By Nolan Harrison
We all know the legend, Hall of Fame owner, former commissioner of the AFL, head coach, and “Maverick” who was the first NFL owner to sue for his own team’s free agency and win. We know the precedence that he set in being the first NFL owner to hire an African-American head coach, the great Hall of Famer Art Shell, to the hiring of the first and ONLY female CEO in the NFL, Amy Trask.
In fact, the Raiders have hired more former players on their staff and front office than any other NFL franchise.
There are many more Davis stories that occurred behind-the-scenes and are yet untold. My bet is that if more people heard some of these stories, they would have a better understanding, and appreciation, for what Al Davis was really all about. So now I will share with you one of those stories, my Al Davis story.
I will never forget the day I was drafted and heard his East Coast accent for the first time “Congratulations you are a Raider!” For me, a sixth round draft pick out of Indiana University, coming off the disappointment of not being drafted on day one, those words were music to my ears.
My first conversation was with my new head coach, Art Shell. My next conversation was with Coach Davis followed by a meeting with my position coach, the late Earl Leggett. The great Los Angeles Raiders owner, taking the time to congratulate me on being selected to be in this exclusive fraternity, was a shock to me. However, I soon found out there was a reason why he was called Coach Davis.
Davis hardly ever missed a practice and I will never forget the first time I got coached by him. We were preparing to play Joe Montana and true football fans will remember how well he ran the play action bootleg play. My job, as the defensive end, was to keep my shoulders square to the line of scrimmage, keep my hand on the offensive tackle and squeeze down inside while keeping an eye on the quarterback. I performed that technique a couple times in practice, and I thought I was perfect. The next thing I knew I heard my name being yelled from 50 yards away “Nolan! … Nolan!”
It was Coach Leggett yelling my name and he told me to go down and see what Coach Davis wanted. I looked at him questioningly but aware enough, even though I was a rookie, to run my butt down the field to see what Coach Davis wanted. When I got to him I was completely blown away by what he said to me. “You have to watch the boot, Montana’s gotta kill us, you take the quarterback, (expletive) the run watch the boot!” The look on my face had to have been priceless! But I guarantee you on Sunday, Joe Montana had me in his hip pocket the whole game!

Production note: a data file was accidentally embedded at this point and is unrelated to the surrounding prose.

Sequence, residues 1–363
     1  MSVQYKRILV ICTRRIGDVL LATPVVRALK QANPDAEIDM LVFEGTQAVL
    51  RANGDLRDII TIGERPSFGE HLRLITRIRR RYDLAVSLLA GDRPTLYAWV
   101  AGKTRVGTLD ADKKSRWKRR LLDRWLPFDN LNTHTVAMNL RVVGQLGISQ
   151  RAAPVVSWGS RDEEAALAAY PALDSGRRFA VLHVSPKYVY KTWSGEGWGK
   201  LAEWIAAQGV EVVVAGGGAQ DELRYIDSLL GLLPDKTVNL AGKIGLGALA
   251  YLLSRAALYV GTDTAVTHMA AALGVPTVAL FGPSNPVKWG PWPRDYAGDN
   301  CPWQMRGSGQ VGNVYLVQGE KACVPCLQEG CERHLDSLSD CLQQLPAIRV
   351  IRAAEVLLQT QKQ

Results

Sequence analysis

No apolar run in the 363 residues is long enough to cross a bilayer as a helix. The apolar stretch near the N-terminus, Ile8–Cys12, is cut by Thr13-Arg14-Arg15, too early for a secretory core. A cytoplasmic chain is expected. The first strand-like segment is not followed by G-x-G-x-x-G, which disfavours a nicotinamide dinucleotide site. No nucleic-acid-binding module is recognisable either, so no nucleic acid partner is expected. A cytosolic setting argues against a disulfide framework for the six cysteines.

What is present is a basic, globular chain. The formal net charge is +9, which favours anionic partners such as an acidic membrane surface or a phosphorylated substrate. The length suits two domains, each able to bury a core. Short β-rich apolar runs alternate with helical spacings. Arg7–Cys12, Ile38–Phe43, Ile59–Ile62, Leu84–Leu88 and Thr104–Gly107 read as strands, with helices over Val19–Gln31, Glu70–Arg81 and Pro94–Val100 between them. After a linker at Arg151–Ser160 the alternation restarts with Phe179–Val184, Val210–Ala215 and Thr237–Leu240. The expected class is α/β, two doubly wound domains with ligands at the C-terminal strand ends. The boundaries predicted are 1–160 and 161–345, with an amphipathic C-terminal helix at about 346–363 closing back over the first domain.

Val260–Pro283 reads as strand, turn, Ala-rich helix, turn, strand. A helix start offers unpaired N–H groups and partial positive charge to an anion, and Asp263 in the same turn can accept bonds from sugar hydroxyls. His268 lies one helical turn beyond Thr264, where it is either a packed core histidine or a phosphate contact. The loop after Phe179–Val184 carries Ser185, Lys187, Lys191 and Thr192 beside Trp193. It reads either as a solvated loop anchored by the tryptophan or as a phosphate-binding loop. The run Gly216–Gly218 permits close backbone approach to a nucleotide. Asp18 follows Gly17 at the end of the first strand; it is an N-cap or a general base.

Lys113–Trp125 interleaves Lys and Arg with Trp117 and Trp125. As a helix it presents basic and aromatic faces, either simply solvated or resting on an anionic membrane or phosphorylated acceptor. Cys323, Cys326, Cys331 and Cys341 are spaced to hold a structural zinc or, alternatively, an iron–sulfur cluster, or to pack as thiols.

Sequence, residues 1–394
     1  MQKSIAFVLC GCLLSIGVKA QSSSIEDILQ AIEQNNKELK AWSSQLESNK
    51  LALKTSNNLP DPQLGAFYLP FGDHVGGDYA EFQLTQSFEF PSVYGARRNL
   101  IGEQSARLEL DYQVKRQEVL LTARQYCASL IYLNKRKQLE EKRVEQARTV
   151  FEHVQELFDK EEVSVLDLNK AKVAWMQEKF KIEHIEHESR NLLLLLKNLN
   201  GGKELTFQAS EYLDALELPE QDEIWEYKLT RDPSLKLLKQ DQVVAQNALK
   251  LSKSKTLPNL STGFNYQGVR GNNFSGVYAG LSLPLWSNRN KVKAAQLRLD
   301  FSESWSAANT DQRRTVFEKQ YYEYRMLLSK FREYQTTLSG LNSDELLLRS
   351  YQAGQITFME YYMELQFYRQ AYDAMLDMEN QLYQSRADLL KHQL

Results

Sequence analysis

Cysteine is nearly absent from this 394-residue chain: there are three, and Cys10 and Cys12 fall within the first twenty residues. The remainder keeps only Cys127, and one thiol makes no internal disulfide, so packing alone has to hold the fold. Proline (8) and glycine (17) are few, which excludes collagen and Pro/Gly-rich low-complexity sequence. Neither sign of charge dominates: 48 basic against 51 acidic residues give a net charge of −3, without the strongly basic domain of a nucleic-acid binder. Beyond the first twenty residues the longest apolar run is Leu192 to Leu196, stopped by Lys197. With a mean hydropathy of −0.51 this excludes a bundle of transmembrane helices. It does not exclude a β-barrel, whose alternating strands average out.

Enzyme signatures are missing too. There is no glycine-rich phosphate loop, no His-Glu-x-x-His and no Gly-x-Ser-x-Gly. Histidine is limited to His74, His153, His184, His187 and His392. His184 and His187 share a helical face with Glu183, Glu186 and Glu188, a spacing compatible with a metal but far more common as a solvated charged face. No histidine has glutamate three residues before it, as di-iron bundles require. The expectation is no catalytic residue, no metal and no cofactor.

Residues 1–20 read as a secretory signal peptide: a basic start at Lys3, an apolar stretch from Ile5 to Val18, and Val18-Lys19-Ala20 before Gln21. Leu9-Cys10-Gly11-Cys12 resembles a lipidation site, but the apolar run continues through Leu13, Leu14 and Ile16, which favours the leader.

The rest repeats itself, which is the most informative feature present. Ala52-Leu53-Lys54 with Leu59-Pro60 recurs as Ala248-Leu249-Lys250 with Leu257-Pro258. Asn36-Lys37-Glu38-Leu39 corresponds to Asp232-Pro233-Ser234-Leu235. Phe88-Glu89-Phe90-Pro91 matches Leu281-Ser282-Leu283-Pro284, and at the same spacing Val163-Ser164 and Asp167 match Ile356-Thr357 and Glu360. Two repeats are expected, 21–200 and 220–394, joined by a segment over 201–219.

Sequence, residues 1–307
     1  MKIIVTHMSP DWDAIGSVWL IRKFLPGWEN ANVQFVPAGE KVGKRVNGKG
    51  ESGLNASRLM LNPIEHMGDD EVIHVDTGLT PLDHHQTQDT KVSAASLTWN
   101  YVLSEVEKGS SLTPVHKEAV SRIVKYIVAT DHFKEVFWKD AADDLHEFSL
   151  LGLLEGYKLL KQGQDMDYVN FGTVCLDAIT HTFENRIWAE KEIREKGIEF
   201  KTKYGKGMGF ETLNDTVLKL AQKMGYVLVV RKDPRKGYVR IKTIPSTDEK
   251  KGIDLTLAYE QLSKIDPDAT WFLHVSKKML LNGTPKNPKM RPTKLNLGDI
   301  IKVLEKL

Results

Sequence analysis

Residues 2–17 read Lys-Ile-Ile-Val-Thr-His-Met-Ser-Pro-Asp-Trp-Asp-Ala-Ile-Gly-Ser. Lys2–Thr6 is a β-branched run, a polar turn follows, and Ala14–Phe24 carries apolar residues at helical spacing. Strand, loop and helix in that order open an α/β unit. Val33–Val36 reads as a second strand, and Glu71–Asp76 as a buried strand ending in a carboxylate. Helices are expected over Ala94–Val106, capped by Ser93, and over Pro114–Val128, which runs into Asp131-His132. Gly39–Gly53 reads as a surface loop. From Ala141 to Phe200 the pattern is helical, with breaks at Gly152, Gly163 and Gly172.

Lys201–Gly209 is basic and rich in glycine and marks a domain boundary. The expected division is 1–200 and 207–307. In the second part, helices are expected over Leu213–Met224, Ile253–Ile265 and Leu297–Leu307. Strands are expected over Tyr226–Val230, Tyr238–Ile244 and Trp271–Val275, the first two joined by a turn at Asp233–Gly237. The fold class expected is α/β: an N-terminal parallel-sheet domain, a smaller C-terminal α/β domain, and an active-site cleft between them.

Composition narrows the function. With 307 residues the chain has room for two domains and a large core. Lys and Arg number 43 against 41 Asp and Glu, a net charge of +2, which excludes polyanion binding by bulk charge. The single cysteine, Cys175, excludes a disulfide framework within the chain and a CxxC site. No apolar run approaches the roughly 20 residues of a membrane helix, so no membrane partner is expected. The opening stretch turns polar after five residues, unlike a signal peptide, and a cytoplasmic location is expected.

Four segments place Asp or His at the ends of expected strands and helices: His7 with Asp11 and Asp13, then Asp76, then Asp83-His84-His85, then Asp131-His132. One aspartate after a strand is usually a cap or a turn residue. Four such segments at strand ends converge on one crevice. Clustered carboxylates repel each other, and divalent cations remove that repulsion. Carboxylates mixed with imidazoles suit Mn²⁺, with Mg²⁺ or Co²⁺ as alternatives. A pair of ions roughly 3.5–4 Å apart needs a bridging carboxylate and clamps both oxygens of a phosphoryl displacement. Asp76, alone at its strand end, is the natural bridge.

Then there was the time we were playing our arch rivals, the Denver Broncos, in Denver. I came off of one of my better games, a sack and a half, a bunch of quarterback pressures and hits, and tackles for loss. We won the game and I was feeling pretty pleased with myself. In the locker room Coach Davis came in to see me and said “I already have one Howie Long, I don’t need two! Your job is to push the pocket and get your hands up so that Elway can step up and throw!” By this time in my career I understood and appreciated his coaching. It was still amazing to me that this Hall of Fame owner knew every facet of the game, and was watching so intently, that he didn’t miss my “freelancing”, knowing that the next time the outcome might not be so positive for me, or his Raiders.
Al Davis looked out for the players and their families. During the team’s move from Los Angeles to Oakland there was a year where we were still training in Los Angeles at our El Segundo facility, while playing all of our home games in Oakland. So that year all of our home games were away games.
To ease the pressure on his players and their families he chartered two separate planes for every home game. One plane was for the team and the other plane was for their wives and family members. Also during this time, he had special tailgating facilities constructed outside of the Oakland Coliseum just for family members for their pre-and post game comfort.
During all the criticism he received over the team moving back to Oakland, I once asked him,”doesn’t all the negativity and lies bother you?” He answered, “no because the greatness of the Raiders will continue, no matter what they write or say.”
When I made the decision to sign with the Pittsburgh Steelers, of course Coach Davis was not happy, I won’t use the words said to me here (smile), however those words made clear to me how much he loved his team and his players. He told me later, as only he could in his East Coast accent, that “I took you off the streets, nobody wanted you, I made you a star, you will always be Raider.”
I know I’m not the only one with an Al Davis story, and there were far greater Raiders than I, but that’s the reason why, to those who bled for the Silver and Black, he will be truly missed.